As co-CEO of Royal Jewelers, it’s no surprise that Paula Leed has impeccable taste and a knack for styling people. But it might be a surprise to hear her say that “there’s no right or wrong when it comes to jewelry.”
“It’s personal,” she says, and even though a client might think they love the way a certain expensive piece looks when they try it on in Royal Jewelers’ 5,000-square-foot Andover showroom, if it doesn’t suit their lifestyle and personality, Paula will steer them away from it.
“I believe you should get something that you’re going to get more enjoyment out of,” she says. “I’ve never had somebody tell me I was wrong with whatever they left the store with, even if it was half the price of what they were looking at.”
Royal Jewelers has been a downtown Andover destination for fine jewelry and watches for decades, even gaining national recognition as one of the best jewelry stores in the country.
But 75 years ago, things would have looked very different.
First of all, the store would have been in Lawrence, not Andover. Second, you’d find more than just jewelry and watches there. You’d also find giftware, and within a couple of decades, even appliances, as it evolved into more of a “catalogue” store.
“By the time I came into the business in the mid ’70s, we were selling refrigerators, televisions, luggage, small appliances, giftware, audio, camera equipment, watches, jewelry,” says Steven Leed, co-CEO and Paula’s brother.
Eventually Steven and Paula took the reins of Royal Jewelers from their father, and when the business moved to Andover in the early ’90s, they changed their focus, shifting “toward staying mostly in the luxury space” and homing in on jewelry and watches, Steven says.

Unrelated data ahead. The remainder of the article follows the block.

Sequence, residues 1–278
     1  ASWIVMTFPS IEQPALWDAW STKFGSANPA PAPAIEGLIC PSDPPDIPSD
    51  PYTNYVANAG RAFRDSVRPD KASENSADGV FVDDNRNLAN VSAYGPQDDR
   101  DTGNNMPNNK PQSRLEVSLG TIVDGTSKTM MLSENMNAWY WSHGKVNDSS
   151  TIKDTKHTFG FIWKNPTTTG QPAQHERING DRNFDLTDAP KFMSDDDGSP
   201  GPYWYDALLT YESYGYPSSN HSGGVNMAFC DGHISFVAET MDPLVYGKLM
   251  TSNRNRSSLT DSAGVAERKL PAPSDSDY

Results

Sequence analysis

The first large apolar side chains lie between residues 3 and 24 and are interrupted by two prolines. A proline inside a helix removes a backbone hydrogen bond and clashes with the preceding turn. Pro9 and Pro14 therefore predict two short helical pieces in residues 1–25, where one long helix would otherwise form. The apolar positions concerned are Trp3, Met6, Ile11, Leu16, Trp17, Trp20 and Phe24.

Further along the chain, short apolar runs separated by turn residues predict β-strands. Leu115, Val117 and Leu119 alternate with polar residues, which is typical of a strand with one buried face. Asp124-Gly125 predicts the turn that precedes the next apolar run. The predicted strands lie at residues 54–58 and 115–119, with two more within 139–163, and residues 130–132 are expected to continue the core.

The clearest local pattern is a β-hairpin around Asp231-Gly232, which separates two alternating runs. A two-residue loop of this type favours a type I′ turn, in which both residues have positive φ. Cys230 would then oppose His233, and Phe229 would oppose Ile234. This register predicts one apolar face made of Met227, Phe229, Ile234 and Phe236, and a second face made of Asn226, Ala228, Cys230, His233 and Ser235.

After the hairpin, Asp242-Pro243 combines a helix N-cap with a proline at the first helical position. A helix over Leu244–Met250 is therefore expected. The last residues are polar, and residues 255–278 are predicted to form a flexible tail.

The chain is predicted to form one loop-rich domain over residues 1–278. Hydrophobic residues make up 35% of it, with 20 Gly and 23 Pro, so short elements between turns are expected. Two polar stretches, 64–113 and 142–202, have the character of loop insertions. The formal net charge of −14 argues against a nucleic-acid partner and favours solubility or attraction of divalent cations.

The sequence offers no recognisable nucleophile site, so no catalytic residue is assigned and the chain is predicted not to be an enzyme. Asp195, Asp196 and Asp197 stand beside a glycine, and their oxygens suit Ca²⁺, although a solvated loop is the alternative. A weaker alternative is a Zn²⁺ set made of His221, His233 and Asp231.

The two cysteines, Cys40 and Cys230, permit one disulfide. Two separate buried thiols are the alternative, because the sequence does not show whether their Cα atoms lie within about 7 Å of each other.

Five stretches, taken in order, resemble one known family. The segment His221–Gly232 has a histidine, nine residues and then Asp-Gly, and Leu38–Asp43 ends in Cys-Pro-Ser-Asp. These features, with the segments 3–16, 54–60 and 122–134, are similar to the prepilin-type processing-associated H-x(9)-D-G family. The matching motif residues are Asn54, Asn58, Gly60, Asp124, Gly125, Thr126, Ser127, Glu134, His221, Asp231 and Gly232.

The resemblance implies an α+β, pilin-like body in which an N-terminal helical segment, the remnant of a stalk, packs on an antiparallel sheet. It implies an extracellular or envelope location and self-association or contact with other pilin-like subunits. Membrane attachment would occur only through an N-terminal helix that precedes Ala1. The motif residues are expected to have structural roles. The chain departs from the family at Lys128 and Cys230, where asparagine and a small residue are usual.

Now, as the family business celebrates its 75th anniversary, Royal Jewelers has become synonymous with its exquisite selection, excellent service, and intuitive styling. “We specialize in the client experience and the fact that we have so many different designer jewelry brands and fine Swiss watches all under one roof,” Steven says.
But there is one thing that hasn’t changed throughout the decades: Royal Jewelers’ dedication to making their clients feel valued, special, and satisfied. “We’re giving them nothing that feeds them or clothes them,” says Paula. “But we put a big smile on their face.”
Steven specializes in watches—he’d just returned from the world’s largest watch trade show in Geneva, Switzerland, when he spoke to Northshore—while Paula’s forte is jewelry. The store’s services include custom design, diamond setting, watch repair, and appraisals, among others.
Of course, Paula, Steven, and their colleagues are experts in their fields and crafts. But both Steven and Paula say that what truly sets them apart is the service they provide to their clients, many of whom have been shopping at Royal Jewelers for decades and even across generations. Every employee is dedicated to providing transparent and honest education, knowledge, and value, they say.
“None of our team are on commission,” Steven says. “And that’s very different than other jewelry or watch stores.” That means its employees have no stake in making a sale and won’t try to persuade a client to buy something just because it’s the most expensive piece in the case.
“There is a tremendous amount of trust that our shoppers have in us,” Steven says. Government data shows that only about 12 percent of businesses are older than 26 years old, let alone 75, but to Steven and Paula, their longevity makes sense because they embrace change and always have.
And then, of course, there’s that intangible factor that can’t be bought or taught. “We are in the happiness business,” Steven says.